Originally, though I'm sure how involved he was personally in the decision. Bethmann-Hollweg didn't like the idea, and without Hindenburg and Ludendorff pressing for it, I'm sure if it will be resumed in 1917 or not.

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One of the most striking aspects of Falkenhayn's strategic outlook was his preference for trying conclusions in the West : at least, that's my impression.

 

I note that he was an advocate of reaching a settlement with the Russians that might have allowed them some concessions in the Baltic, in order to reinforce the German position in the West.

 

I would also opine that his experience of the failure to break through in Flanders in the autumn of 1914 , with the heavy losses suffered at First Ypres and in other episodes in the so called " Race to the Sea", imparted an aversion in him to anything that was based on prodigal offensives aimed at break throughs on the grand scale, and that he sought alternatives in the local, but relentless attritional battles that could demoralise and bleed the enemy disproportionately, with Verdun being his notorious exemplar.

 

That approach seems to me to be an advocacy of realism, consistent with the strategic predicament of two front warfare, and I would have thought that he would have seen unrestricted submarine warfare as an important extension of this, even if it entailed risks of US intervention.

 

Had he still been supremo in 1917, my sense is that he would have adhered to that approach : take Brusilov's 1916 summer  out of the equation, and his method was bound to be pretty effective.

 

So say I .

 

 

Phil

 

 

 

 

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On 1/25/2021 at 04:32, phil andrade said:

Had he still been supremo in 1917, my sense is that he would have adhered to that approach : take Brusilov's 1916 summer  out of the equation, and his method was bound to be pretty effective.

You may be right, but from what I've read, while the submarine campaign certainly hurt Britain, it was never a credible threat. It would seem it was ultimately a disaster for Germany - Britain was unharmed, and the United States sufficiently angered to enter the conflict.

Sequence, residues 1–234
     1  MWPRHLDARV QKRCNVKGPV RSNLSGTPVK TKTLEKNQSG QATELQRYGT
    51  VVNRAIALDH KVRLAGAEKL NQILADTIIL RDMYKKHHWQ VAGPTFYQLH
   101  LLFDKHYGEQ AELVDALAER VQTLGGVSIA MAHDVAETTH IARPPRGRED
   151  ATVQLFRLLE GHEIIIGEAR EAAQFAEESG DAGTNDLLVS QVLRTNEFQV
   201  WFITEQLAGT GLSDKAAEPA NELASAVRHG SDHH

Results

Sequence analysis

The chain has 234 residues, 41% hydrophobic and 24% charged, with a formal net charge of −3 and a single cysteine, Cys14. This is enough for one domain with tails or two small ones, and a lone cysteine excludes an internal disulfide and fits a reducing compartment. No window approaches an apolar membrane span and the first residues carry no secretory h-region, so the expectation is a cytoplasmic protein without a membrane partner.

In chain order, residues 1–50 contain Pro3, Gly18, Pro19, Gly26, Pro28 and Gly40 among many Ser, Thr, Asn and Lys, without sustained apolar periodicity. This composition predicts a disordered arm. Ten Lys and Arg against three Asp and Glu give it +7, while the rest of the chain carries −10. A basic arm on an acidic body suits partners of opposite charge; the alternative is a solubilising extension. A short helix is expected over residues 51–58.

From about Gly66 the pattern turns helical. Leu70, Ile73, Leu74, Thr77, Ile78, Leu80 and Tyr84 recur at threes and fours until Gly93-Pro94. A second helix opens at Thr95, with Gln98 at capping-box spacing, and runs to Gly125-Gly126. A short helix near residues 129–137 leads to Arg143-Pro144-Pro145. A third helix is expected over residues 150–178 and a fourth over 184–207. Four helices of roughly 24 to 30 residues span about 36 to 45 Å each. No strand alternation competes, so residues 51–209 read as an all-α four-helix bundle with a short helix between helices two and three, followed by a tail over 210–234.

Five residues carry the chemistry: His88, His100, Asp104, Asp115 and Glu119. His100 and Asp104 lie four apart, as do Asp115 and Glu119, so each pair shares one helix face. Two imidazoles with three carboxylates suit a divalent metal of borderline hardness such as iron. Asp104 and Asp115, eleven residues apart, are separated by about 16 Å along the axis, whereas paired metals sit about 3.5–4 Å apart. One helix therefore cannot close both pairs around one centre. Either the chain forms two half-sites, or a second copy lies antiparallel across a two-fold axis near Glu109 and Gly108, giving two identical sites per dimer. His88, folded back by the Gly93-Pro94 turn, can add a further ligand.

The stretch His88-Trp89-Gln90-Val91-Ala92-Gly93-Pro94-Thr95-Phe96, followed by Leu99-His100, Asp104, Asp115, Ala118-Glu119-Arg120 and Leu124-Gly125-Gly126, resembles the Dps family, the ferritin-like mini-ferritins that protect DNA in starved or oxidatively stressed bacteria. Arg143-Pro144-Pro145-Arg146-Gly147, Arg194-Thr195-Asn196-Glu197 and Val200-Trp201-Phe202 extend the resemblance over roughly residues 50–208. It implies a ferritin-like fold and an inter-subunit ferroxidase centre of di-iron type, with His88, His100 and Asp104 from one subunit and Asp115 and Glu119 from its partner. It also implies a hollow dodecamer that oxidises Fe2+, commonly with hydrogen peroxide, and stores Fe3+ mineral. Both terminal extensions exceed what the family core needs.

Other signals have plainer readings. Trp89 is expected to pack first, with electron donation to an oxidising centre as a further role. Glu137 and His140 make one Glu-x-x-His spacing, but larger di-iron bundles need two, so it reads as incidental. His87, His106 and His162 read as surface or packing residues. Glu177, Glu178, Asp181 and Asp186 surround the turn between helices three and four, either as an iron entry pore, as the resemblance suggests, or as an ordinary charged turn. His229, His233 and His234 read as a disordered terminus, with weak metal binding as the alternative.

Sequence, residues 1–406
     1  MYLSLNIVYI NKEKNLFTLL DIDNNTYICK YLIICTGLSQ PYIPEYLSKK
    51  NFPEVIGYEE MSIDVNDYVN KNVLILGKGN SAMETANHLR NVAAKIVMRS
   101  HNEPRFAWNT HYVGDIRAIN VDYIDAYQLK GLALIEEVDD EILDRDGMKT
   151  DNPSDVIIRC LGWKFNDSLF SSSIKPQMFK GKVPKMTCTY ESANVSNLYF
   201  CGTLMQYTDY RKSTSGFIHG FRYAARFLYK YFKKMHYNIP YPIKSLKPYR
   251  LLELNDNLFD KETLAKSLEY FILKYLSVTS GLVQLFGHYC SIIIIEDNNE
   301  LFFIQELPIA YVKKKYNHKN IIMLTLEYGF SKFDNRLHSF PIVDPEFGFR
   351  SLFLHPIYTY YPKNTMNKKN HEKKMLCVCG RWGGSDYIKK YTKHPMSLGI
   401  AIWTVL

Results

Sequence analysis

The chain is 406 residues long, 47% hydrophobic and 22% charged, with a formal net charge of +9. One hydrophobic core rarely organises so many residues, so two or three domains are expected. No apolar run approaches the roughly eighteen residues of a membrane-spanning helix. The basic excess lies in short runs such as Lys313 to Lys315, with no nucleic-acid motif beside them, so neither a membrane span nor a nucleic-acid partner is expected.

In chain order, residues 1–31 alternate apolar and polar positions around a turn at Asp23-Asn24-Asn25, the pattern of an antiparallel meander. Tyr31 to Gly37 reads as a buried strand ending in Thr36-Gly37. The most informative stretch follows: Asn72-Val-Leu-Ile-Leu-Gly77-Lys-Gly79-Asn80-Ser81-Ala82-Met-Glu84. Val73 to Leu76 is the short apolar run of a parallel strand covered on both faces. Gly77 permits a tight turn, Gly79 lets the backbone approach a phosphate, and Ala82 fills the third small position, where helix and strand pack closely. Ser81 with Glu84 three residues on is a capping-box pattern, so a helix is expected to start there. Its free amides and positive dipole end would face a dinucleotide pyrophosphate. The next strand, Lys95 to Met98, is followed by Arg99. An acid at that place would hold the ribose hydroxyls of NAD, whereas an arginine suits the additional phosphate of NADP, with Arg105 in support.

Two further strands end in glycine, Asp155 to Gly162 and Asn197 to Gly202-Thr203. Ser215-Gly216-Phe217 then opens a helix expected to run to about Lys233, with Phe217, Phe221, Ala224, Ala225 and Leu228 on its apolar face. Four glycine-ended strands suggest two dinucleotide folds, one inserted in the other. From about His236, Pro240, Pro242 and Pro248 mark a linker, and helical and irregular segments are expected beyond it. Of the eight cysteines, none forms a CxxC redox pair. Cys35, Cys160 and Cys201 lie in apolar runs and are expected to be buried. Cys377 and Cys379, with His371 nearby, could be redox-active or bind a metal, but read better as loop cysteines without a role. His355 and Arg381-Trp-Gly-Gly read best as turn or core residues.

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5 hours ago, DixieDivision1418 said:

You may be right, but from what I've read, while the submarine campaign certainly hurt Britain, it was never a credible threat. It would seem it was ultimately a disaster for Germany - Britain was unharmed, and the United States sufficiently angered to enter the conflict.

 

          Credible threat?  Yep.

          ultimately a disaster for Germany?  Nope.  What submarine campaign against Germany by the British?   

 

"Britain was unharmed"      ....................   we will just ignore the 17,000 Merchant Navy deaths  and the 3000+ ships lost then shall we?    Oh- and better have this  knocked down immediately-  it's  our national memorial to the Merchant Navy  on Tower Hill in London.  No point having it if we were "unharmed"

 

image.png.610b347f2250f48bb74ce76d04bdc72a.png

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 Credible threat?  Yep.

          ultimately a disaster for Germany?  Nope.  What submarine campaign against Germany by the British?   

 

"Britain was unharmed"      ....................   we will just ignore the 17,000 Merchant Navy deaths  and the 3000+ ships lost then shall we?    Oh- and better have this  knocked down immediately-  it's  our national memorial to the Merchant Navy  on Tower Hill in London.  No point having it if we were "unharmed"

On January 17th, 1917, a random and completely insignificant Tuesday on the Western Front, 170 members of the BEF still died. This was a collection of 170 tragedies, yet it was a tiny drop in the bucket that wouldn't be felt at the strategic level. At the strategic level, Britain, despite the loss of life, wasn't really harmed. That was a more than replaceable level of losses, with the biggest manpower drain actually being the UK's need to concentrate a very high level of manpower into their shipbuilding industries to make good on the replacements.